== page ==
Louder than a Bomb: Duchesne’s Gina Keplinger
March 21st, 2012
Omaha, NE – High school students from across the city will be reading and performing their poetry in a series of competitions kicking off April 15th. KVNO News will be profiling a few of those students from different high schools. This is the first segment in our four-part Louder than a Bomb series.
On the last official day of winter at the OM center in downtown Omaha, dozens of people gathered for the Encyclopedia Show. It’s a variety show, featuring poets, writers and performers.
“You get up in front of a room full of strangers and you share your secrets,” said Gina Keplinger, a 17-year old junior at Duchesne Academy, who was getting ready to perform in the show. Prior to sound check, Keplinger shared one of her secrets in her piece: “This is Not a Love Poem.”
Listen Now to hear Keplinger’s poem in full
Over the past six months, Keplinger said she’s been working on her writing by taking on different personas, and writing from different perspectives. She said writing acts as therapy for her.
“I’ve really pushed myself to live by the phrase ‘tell the truth’, she said. “Don’t over exaggerate, don’t under exaggerate, tell people what happened, and tell your story.”
“I think that’s really important…good or bad, happy or sad my story is out there,” she said.
Keplinger is a participant and student organizer for Louder than a Bomb: a youth poetry slam competition in Omaha. Slam is a style of performance poetry where poets are scored by judges in the audience.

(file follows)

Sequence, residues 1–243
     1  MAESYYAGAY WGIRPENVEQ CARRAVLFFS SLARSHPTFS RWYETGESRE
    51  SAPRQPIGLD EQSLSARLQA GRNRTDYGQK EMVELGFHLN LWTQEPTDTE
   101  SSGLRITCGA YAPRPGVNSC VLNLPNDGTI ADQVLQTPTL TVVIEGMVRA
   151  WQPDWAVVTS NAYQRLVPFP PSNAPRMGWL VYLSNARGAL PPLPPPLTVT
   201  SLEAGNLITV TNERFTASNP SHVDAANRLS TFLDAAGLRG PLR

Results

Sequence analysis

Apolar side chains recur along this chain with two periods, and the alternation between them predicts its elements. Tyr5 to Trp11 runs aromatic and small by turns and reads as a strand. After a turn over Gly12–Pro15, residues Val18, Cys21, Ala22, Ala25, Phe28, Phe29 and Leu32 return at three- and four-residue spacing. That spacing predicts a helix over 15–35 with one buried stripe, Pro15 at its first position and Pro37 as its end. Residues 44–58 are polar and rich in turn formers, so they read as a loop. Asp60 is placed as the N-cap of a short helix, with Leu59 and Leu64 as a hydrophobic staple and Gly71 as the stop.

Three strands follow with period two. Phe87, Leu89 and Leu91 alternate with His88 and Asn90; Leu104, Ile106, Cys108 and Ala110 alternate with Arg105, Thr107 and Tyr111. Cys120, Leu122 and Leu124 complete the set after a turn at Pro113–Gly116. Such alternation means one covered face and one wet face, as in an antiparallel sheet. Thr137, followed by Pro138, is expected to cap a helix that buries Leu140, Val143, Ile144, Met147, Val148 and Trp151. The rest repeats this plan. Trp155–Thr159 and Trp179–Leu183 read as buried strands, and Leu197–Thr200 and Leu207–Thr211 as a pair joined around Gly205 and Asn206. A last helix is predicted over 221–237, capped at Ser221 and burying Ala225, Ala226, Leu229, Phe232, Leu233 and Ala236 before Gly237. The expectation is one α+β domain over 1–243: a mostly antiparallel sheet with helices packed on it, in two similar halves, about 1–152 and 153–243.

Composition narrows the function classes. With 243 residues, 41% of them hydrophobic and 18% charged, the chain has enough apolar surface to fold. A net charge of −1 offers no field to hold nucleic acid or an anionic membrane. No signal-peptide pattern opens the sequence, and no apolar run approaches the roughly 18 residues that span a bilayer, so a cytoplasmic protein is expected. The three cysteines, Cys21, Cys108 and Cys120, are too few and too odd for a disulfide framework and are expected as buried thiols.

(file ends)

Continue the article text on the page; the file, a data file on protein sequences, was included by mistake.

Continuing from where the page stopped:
“There’s a phrase that’s in the slam community. The point is not the points. The point is the poetry. For me, the point is the poetry, and also for me, the point is the people,” Keplinger said.
“I think building community is really important in this, and meeting people, growing as an artist, growing as poet, that’s what matters for me,” she said.
Read more about slam poetry and Louder than a Bomb here: an interview with the founder of Nebraska Writer’s Collective, Matt Mason
“So, whether or not I get high scores in a slam, it’s about: I read what I needed to read to be able to get something off my chest, whether it’s a letter to my ex, a letter to my dad or something I really wanted to tell my sister for a really long time,” she said.
Keplinger said she’s watched the documentary Louder than a Bomb three times and said she’s met Lamar “The Truth” Jordan, one of the students followed in the film, which documents the original contest in Chicago.
“It’s amazing for me to have seen this film on the big screen and gone wow these kids are great, but this is never going to happen for me,” Keplinger said.
“Then six months later, to say ‘hey I’m a part of this.’ My home town, and not only am I a part of it, but I’m participating and starting this team and leading this team and hopefully I’m going to lead them someplace pretty far in the competition,” she said with a laugh.
“I don’t know if we’re going to win, but we’re certainly going to try.”
Louder than a Bomb kicks off April 15th. For a full schedule and more information about the event, click here.
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